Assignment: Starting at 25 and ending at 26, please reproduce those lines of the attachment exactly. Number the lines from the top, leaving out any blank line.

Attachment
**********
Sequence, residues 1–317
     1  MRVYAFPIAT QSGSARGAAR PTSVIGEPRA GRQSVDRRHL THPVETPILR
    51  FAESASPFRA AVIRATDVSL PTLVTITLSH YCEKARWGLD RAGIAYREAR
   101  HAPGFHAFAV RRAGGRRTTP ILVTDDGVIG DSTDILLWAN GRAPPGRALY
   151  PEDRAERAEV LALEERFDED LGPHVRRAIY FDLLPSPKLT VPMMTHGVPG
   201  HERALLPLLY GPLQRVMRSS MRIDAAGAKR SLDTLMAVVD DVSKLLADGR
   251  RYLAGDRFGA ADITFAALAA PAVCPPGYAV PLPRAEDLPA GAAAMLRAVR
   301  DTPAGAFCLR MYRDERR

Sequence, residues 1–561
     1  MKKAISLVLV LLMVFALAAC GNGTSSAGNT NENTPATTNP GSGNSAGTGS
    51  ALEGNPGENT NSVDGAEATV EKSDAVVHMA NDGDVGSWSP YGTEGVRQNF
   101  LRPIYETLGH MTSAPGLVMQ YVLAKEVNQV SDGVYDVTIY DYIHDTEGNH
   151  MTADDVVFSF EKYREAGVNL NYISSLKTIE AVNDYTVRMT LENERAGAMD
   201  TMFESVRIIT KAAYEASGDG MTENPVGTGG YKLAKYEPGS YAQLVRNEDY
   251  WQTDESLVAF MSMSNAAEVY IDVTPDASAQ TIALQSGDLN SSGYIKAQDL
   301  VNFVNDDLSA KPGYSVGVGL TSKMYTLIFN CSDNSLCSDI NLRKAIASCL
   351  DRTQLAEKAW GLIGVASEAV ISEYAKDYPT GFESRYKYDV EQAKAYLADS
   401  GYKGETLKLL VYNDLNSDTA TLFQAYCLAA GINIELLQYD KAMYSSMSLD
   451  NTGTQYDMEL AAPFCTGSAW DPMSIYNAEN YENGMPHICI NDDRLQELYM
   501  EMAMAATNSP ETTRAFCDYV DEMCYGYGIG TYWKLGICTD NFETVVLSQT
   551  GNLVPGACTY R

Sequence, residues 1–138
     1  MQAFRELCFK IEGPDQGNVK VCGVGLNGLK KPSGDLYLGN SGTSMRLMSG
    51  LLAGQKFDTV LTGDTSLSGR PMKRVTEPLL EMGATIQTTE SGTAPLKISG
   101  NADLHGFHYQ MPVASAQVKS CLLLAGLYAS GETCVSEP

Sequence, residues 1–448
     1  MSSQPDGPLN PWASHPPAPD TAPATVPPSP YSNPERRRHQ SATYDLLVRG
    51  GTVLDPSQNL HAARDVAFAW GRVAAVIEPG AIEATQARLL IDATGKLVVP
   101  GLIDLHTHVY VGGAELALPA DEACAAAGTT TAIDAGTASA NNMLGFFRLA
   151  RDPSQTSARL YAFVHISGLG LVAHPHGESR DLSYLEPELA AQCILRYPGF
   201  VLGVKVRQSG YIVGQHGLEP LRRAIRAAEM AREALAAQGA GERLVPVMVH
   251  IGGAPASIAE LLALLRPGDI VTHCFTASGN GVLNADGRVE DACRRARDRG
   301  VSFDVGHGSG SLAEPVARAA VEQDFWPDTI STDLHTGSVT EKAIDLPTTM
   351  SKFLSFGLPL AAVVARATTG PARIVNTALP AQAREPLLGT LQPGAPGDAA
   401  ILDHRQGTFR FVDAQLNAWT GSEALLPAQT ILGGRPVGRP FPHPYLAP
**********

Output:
   101  NADLHGFHYQ MPVASAQVKS CLLLAGLYAS GETCVSEP

Sequence, residues 1–448